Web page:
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Daniil Kvyat when driving for Toro Rosso in 2017.

What a Kvyat-Red Bull reunion says about Toro Rosso

What started as a seemingly unbelievable paddock rumour has become a widely understood open secret: Daniil Kvyat will return to the Red Bull fold to race for Toro Rosso in 2019.

Drivers who lose their full-time seats rarely make a racing return to Formula One, and you’d have thought this would certainly be the case considering the torturous way Kvyat was dismissed by the Red Bull programme not once, not twice, but thrice.

First he was demoted from Red Bull Racing to Toro Rosso at the 2016 Spanish Grand Prix just two races after scoring his second career podium and barely a season after making the step into at the beginning of 2014.

Second he was forcibly removed from his seat at Toro Rosso at the 2017 Malaysian Grand Prix to facilitate Pierre Gasly’s Formula One debut.

His career won an unexpected reprieve just two races later, at the United States Grand Prix, where he was recalled to cover for Gasly, who returned to Japan to contend in the final round of the Super Formula season — but by the following weekend in Mexico he had finally been put out of his misery, let go by the Red Bull programme and left to fend for himself.

So fizzled the once promising career of Daniil Kvyat — or so we thought.

The reason for the 24-year-old Russian’s whispered return is simple: Pierre Gasly is bound for Red Bull Racing in 2019 and the Red Bull Junior Team is bereft of eligible talent to replace him, and though there are are other notable free agents floating around, Kvyat is the devil better known in the marketplace.

It’s not the first time the junior team has forced Toro Rosso to look elsewhere — similar circumstances last year returned Brendon Hartley to the F1 fray seven years after being dumped from the programme, though admittedly he’d never actually debuted in Formula One.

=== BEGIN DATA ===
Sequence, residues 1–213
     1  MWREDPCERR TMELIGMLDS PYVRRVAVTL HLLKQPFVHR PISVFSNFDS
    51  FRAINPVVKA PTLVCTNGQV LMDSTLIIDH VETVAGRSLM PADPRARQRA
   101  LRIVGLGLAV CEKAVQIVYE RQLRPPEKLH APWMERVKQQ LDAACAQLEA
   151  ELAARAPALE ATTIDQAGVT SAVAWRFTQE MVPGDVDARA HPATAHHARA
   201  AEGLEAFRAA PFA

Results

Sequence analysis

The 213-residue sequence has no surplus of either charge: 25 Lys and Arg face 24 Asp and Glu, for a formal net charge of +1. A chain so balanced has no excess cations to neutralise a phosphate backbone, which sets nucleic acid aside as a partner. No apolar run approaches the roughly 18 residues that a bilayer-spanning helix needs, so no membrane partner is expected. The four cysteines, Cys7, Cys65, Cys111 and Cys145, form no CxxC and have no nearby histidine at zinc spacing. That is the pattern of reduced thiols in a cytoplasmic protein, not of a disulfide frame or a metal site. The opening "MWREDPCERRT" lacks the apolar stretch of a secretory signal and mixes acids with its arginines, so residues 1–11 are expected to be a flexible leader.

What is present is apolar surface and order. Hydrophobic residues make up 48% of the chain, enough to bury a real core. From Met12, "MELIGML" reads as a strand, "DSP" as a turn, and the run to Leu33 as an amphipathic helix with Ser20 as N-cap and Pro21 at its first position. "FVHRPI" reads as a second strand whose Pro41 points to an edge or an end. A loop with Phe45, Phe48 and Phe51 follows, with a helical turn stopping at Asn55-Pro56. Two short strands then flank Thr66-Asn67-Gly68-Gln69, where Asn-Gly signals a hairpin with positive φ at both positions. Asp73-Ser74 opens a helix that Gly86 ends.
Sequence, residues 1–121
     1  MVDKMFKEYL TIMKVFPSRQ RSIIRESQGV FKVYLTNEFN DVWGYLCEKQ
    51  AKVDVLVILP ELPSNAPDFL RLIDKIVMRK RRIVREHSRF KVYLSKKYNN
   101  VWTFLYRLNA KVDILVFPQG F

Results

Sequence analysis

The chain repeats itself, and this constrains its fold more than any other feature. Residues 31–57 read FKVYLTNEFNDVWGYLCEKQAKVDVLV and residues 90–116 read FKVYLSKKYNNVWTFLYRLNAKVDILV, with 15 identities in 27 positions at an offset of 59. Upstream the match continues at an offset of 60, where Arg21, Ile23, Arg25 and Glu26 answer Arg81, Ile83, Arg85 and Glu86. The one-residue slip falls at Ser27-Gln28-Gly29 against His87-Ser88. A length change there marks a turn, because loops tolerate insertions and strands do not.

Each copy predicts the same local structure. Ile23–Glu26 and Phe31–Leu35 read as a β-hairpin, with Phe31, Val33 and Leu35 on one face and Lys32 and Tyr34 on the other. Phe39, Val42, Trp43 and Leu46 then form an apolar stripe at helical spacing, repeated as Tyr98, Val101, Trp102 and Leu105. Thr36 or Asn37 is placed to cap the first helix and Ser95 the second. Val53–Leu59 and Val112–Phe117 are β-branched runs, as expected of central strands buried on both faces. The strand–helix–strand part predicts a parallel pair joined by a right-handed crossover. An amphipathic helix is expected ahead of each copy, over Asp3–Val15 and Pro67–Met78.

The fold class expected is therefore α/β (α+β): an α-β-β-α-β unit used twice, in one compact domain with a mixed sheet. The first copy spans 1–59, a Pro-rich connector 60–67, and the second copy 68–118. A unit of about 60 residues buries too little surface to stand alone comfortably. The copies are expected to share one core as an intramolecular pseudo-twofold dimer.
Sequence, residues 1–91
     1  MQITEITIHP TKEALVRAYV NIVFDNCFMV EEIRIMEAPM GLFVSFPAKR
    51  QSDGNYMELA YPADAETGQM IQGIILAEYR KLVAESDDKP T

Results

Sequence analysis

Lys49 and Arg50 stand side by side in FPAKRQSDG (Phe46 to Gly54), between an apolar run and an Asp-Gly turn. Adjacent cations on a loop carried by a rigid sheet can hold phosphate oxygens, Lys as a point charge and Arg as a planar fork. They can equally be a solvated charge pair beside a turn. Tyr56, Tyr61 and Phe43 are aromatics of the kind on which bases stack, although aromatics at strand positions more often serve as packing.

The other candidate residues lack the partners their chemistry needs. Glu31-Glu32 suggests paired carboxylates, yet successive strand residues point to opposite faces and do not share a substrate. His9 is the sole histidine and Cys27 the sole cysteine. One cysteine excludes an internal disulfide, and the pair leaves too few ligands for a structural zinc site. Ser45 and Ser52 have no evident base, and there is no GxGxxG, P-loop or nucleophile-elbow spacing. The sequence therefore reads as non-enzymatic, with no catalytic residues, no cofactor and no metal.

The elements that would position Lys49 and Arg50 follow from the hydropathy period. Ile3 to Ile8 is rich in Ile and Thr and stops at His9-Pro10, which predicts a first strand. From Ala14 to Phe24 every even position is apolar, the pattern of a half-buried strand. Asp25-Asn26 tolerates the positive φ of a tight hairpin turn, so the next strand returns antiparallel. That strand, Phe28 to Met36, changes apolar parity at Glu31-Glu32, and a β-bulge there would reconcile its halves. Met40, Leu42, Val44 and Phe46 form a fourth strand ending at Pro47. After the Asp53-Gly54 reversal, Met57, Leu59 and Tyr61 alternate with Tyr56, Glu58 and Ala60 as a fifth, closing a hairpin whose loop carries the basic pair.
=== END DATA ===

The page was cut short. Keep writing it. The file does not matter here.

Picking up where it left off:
So that’s how it came about, but what about why?

On Kvyat’s side of the equation the motivation seems clear: he wants a second shot — or, strictly speaking, third shot — at Formula One to rehabilitate his top-tier reputation.

It’s not such a far-fetched ambition. Ferrari, after all, signed him up this year as a development driver alongside Antonio Giovinazzi, and together the pair have played an invaluable role honing car set-up in the simulator on race weekends.

Toro Rosso team principal Franz Tost also rates the Russian for his raw speed — indeed he seemed unhappy to have released Kvyat in the first place, telling the F1 website, “I hope for him that he gets another chance, as I think he deserves to be in F1”.

But one would have to wonder whether a sugar hit for Kvyat’s image is worth exchanging his Ferrari role. For one, working for the Italian team could open doors to driver in other high-profile racing categories in which Daniil can professional ply his trade.

Or, perhaps more to the point: is trading in a job at Ferrari worth what will undoubtedly be a temporary gig somewhere in the midfield?

And temporary it almost certainly will be, for Toro Rosso needs a stand-in only until Dan Ticktum amasses enough super licence points, probably by the end of 2019, to qualify for and F1 race seat, at which point either Kvyat or his teammate — whether Hartley or any number of possible alternatives — will likely be given the flick.

Indeed it’s this trait of the team that has led to its driver dearth in the first place. Quite aside from the always expanding list of drivers whose F1 tenures have been curtailed by Red Bull motorsport advisor Helmut Marko, there are some who are sceptical of the team’s route to F1 in the first place. The 2017 Formula Two runner-up Artem Markelov, for example, says he wouldn’t consider a Toro Rosso drive given Marko’s reputation as a career-ender — not that he was necessarily in contention anyway.

So instead the names populating Toro Rosso’s list of possible replacements include Daniil Kvyat, Stoffel Vandoorne, Pascal Wehrlein and Sebastien Buemi, all of whom have had their chance in Formula One but who for a variety of reasons didn’t make the cut.

It begs the question of the opposite side of the equation: what’s Toro Rosso’s long-term game here?

Ticktum aside, the Red Bull Junior Team doesn’t have any drivers close to F1 graduation, and those in the early stages of the pipeline are no guarantee to make it through to the end.

So is the destiny of the team Red Bull funds to the tune of approximately $100 million to churn through only those drivers already rejected?

Seems like an awful lot of money being spent just to keep some midfield careers alive.

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